“Clearly, in any of our losses, we have not played well at all, and it’s been a consistent theme,” Pitino said. “Guys have been pushing us around. Obviously points in the paint a consistent theme as well.”
There is one variable that isn’t widely discussed: The actual basketballs.
More attention has been given recently to the NCAA’s lack of a standardized basketball. Schools can choose their ball based on apparel deals, and those basketballs can have a half-inch variance in circumference (29.5-30 inches) and a two-ounce variance in weight (20-22 oz.). The 14 Big Ten schools reportedly use four different basketball brands, and some of their most successful programs have taken advantage of the rule. Up until they signed a Nike agreement in 2016, Michigan used an obscure basketball called “The Rock,” known for its hard exterior, while Wisconsin stands alone as the only current user of Wilson balls in the conference. The Badgers previously were well-known for using the rare Sterling basketball under Bo Ryan.
The Gophers use the common Nike basketballs, but even same-branded balls can feel different because of the permitted weight variance.
“In Illinois, it’s still a Nike ball,” said center Liam Robbins, “but I thought the ball felt heavy. It just felt a little different than the one we use here. We use a Nike ball as well, but it was different grip, just felt a little different.
“Sometimes, it’s just a little bit of a difference. It can throw you off originally, but you can’t let that get in your head. It’s not that big of a deal, but it is something that I think people don’t realize does come into play sometimes.”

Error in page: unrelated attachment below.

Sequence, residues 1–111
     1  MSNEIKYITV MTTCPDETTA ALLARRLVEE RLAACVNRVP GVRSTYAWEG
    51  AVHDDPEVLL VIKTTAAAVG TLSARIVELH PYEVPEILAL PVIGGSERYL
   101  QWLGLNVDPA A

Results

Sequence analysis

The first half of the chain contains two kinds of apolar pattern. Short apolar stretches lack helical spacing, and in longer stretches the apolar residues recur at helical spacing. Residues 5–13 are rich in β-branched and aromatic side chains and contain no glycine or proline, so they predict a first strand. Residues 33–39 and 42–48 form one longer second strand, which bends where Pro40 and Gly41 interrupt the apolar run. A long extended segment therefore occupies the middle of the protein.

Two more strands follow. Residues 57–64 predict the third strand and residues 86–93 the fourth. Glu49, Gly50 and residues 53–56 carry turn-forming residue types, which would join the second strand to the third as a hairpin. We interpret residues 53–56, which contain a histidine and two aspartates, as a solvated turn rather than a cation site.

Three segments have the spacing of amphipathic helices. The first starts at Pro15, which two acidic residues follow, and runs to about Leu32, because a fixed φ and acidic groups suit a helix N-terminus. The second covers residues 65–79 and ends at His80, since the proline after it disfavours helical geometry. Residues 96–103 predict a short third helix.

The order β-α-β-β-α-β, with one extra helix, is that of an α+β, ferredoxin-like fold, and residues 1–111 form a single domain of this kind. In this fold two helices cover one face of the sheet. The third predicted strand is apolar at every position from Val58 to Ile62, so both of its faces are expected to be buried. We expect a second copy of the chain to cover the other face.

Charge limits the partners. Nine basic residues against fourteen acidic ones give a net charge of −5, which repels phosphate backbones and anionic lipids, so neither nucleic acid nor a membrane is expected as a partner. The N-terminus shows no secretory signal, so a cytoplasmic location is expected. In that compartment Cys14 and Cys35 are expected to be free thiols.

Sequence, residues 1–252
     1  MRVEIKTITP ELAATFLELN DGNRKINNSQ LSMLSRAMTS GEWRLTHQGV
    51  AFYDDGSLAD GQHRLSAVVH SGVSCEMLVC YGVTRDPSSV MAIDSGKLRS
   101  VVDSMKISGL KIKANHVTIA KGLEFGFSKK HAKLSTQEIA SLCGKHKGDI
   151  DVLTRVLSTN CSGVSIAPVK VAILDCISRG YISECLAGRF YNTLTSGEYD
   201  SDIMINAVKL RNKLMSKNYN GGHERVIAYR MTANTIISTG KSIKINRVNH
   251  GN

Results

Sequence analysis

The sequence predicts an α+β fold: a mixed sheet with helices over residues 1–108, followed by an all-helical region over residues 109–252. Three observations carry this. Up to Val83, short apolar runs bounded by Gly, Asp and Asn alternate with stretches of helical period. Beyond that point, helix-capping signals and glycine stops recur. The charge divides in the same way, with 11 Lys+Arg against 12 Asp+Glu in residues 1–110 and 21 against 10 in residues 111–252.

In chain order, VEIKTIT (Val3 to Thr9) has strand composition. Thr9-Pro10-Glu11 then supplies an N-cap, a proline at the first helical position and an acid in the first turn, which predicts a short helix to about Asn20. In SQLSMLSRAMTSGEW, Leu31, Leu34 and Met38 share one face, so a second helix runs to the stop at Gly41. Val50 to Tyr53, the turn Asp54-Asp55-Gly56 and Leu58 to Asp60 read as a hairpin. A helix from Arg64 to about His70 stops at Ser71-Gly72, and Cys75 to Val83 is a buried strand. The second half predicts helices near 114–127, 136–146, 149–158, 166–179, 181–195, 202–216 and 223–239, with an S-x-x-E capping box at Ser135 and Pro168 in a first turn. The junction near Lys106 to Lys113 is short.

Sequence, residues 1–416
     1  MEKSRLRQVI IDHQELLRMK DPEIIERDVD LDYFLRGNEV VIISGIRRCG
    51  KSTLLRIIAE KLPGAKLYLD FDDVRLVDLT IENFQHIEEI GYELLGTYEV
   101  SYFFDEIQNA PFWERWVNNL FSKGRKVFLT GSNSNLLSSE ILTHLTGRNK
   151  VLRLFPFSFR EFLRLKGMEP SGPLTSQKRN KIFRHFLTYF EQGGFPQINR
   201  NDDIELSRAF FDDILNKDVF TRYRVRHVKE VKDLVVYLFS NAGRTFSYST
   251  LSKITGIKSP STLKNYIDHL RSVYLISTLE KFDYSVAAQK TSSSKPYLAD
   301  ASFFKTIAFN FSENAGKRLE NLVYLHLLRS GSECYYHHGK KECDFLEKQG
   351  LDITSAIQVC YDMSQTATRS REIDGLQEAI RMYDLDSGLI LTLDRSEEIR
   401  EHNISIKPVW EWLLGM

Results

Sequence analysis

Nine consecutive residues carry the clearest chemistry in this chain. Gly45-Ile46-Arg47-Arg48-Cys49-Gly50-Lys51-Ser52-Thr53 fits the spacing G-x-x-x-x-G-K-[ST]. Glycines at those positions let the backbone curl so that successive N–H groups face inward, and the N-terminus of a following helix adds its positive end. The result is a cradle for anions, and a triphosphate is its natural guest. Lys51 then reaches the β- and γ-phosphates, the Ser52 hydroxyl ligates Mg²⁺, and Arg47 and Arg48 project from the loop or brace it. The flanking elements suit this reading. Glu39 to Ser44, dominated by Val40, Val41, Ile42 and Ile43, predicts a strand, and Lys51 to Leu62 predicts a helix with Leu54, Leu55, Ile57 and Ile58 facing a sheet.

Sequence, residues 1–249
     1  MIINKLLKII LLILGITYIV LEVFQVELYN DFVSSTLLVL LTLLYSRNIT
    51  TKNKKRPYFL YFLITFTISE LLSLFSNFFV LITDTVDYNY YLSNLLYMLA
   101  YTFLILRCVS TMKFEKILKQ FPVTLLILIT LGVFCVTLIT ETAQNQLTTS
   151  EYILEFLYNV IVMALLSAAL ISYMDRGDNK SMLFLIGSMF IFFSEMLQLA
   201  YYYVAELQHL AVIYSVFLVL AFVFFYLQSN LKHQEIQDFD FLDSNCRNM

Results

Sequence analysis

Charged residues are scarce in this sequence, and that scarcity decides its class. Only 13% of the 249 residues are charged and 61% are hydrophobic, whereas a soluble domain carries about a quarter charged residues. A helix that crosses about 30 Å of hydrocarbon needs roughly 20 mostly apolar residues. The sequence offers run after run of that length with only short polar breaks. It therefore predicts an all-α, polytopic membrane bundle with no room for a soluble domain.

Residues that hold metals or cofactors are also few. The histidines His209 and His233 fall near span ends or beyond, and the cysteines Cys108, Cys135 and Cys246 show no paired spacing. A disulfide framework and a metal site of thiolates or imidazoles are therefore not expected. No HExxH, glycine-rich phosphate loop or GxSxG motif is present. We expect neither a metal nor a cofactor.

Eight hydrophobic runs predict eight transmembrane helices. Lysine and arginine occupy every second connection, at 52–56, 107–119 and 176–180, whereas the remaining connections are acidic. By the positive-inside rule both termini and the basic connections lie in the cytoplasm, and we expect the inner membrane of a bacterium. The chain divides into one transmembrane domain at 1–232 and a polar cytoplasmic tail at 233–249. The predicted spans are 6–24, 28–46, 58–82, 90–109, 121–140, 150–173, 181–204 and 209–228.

Minutiae, like the grip of a basketball, may seem like small potatoes compared to a rowdy road crowd. Still, in a fan-less environment, the change in basketball could partially explain why home-court advantage remains.
“I guess you’re used to driving your own car, and you switch to a rental car. That’s kind of how it is,” said Carr. “It’s not like you can’t drive, but it’s not the usual feel. At the end of the day, it’s still a basketball.”
No team, however, is struggling on the road like Minnesota. The Gophers have the worst road record in the Big Ten. Only Nebraska and Penn State — both with zero conference wins — are also winless on the road at 0-2. Collectively, home teams are 28-16 in conference games for a .636 winning percentage. That’s about 5% lower than the 2019-20 league average when fans were in the stands, and home teams held a .681 winning percentage. Specifically, Minnesota went 6-4 at home and 2-8 on the road in 2019-20.
About a third of the way through the conference season, it would appear home-court advantage in the pandemic is reduced but not eliminated. In the Gophers’ case, though, it seems to hold a great deal of weight. Perhaps a stretch of games against less formidable opponents will provide a clearer picture.
“I think it’s just every team we’ve played on the road is in the top 15, just really good teams, and we’ve struggled a little bit,” said Robbins. “Especially in the Big Ten, if you have like one little two-minute, three-minute stretch, it can just blow the game wide open, and it’s really hard to recover from that. I don’t necessarily think it’s a road thing.”